Oh yes, we’re very organized, here in our little corner of the underworld. Although people don’t realize it, most major thefts these days are executed by thieves working on commission, hired by an agency. The system has been perfected over the years.
Let’s say, as a hypothetical, you’re a gentleman of substantial means. Your wife’s got her heart set on a very rare, absolutely divine chocolate diamond pendant. You promise you’ll buy it for her. But the owner, irritatingly, refuses to sell. You’re in a bit of a pickle. That’s when you call the Agency.
Intake opens a file for you, and a thief is matched to the job. After that it’s pretty simple. The thief grabs the diamond, you pay the Agency, and the Agency pays the thief a fee. It’s very businesslike. Very clean.
Once upon a time, thieves and burglars worked freelance. That is, no connection to an agency. But that’s messy work. Like trying to do your own bikini wax.
For one thing, you have to worry about selling the stuff you steal. Finding and dealing with a fence is a time-consuming and dicey business. There are a lot of unscrupulous double-crossers out there.
My particular agency is known as AB&T Inc. Officially, that stands for Anderson Bradford & Taylor Inc. Unofficially—and somewhat more truthfully—it’s the Agency of Burglary & Theft Inc. AB&T is the premier agency for thieves in Seattle. And it’s definitely the oldest—it’s been operating for generations. How many generations? No one knows.
I flipped out my penlight and started scanning the walls. The safe was in here somewhere, according to my intel. I spied a large oil painting. Degas, I believed. I tilted it and yes, sure enough: I found myself staring at a large steel square in the wall, a fat combination lock staring back at me. Please. How clichéd can you get? But no matter. It was time for a little safecracking.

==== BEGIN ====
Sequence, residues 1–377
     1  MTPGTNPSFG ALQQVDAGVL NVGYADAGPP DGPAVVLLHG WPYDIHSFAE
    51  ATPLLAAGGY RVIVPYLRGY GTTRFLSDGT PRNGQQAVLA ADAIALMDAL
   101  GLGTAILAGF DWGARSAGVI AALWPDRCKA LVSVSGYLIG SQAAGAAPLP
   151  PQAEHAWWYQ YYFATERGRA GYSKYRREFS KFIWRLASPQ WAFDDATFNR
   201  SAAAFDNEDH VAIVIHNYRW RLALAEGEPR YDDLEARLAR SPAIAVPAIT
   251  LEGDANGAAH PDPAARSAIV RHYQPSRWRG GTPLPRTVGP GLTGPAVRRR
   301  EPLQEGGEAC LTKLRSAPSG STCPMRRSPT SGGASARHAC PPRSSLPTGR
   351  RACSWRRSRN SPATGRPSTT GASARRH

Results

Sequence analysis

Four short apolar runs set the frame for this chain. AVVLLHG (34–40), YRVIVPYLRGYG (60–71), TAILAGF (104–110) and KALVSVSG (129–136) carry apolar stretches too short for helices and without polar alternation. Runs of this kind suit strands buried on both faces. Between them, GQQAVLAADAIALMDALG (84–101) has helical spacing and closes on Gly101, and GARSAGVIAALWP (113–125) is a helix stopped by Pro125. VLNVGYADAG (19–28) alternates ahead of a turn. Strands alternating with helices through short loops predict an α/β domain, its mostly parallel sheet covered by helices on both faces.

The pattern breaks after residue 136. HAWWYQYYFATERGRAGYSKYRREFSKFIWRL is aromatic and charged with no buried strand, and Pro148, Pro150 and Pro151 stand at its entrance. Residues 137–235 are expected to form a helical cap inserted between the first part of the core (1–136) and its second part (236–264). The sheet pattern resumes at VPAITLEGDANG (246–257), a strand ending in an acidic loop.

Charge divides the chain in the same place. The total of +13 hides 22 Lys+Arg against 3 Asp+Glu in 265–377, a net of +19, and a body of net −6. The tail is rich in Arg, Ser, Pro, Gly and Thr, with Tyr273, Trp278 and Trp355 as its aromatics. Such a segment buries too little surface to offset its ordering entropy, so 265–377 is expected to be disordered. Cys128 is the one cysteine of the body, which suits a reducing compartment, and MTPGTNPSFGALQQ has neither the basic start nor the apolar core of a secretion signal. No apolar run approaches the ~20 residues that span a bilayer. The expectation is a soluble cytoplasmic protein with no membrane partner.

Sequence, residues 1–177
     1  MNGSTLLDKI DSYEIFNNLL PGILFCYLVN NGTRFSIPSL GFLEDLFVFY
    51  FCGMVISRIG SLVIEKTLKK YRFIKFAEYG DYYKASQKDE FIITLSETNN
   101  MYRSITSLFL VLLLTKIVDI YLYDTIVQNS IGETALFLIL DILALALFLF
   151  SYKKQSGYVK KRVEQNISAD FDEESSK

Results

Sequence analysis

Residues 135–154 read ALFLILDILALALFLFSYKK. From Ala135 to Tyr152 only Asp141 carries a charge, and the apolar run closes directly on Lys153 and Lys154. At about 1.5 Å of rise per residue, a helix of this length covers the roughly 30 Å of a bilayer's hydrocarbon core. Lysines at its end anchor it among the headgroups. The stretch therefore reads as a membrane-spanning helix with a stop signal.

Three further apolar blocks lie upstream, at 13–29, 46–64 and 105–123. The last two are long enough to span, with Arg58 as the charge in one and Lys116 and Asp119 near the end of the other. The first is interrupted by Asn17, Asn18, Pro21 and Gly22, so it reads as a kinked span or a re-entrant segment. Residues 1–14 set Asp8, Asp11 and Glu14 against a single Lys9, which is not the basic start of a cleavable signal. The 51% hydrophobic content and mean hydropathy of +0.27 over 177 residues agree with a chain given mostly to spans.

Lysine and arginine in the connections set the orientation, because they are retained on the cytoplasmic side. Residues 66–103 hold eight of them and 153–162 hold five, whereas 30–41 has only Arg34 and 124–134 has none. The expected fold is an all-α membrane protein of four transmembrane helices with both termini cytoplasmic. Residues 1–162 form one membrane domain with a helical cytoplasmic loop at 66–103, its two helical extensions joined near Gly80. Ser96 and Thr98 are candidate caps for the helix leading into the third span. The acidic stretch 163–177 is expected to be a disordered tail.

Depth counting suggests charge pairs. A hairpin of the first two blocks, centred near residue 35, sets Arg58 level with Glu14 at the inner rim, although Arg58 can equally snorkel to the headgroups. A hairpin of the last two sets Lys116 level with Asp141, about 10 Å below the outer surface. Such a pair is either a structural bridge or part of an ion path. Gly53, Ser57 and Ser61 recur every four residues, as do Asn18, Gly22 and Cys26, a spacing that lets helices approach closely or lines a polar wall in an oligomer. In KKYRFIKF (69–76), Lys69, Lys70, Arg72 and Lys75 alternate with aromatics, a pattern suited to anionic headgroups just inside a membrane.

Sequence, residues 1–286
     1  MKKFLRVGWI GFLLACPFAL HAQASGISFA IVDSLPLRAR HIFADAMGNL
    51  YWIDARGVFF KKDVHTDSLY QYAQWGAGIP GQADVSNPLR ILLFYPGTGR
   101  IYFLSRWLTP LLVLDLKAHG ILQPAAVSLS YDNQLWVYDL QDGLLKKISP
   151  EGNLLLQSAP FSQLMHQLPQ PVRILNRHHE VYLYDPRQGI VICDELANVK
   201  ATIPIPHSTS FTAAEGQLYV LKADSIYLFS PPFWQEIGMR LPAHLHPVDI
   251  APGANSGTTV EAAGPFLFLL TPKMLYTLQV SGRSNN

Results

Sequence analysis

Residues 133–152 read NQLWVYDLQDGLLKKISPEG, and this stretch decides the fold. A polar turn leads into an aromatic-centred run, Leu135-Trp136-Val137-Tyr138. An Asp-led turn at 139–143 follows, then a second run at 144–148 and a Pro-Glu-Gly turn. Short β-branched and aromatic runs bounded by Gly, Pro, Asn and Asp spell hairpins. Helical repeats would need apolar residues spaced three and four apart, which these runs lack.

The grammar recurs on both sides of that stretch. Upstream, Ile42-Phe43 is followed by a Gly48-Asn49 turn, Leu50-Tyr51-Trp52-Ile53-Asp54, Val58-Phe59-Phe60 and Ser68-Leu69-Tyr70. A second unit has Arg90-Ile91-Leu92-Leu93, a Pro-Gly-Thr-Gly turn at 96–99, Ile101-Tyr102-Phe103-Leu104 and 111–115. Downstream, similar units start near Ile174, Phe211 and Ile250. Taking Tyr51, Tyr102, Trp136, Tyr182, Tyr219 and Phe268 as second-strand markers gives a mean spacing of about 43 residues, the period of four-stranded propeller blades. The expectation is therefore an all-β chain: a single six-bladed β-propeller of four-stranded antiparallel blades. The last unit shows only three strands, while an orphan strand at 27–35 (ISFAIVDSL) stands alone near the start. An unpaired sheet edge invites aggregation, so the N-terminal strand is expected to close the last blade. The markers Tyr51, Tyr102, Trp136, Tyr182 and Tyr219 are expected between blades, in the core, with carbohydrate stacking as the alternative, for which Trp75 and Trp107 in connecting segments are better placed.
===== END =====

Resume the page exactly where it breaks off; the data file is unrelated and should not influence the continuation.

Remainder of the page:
Just as there’s more than one way to make a margarita, there’s more than one way to crack a safe. You could drill into the face of the lock and use a punch rod to push the door lever out of the way. There’s also the truly caveman method of slicing through the side of the safe using a plasma cutter. Or even worse, using a jam shot—a small explosive—to blow the door off the safe. But these approaches are terribly crude and leave the safe looking like cat food.
Me, I prefer to finesse a safe. My first choice is to manipulate the lock itself and gain entry without damaging the safe. Leave as few clues as possible.
Some professionals use a stethoscope to amplify the sounds of the contact points clicking into place. But I’ve always found that I can manipulate a lock better by feel than by sound. Even through gloves, my fingertips are highly sensitive. This was something, incidentally, that helped me realize being a thief was written into my genetic code.
In the hushed stateroom I removed the Degas from the wall. I needed free hands so I clamped my penlight between my teeth. It clicked against my incisors; there was a faint metallic taste. The light illuminated the safe door in a glowing gunmetal gray halo.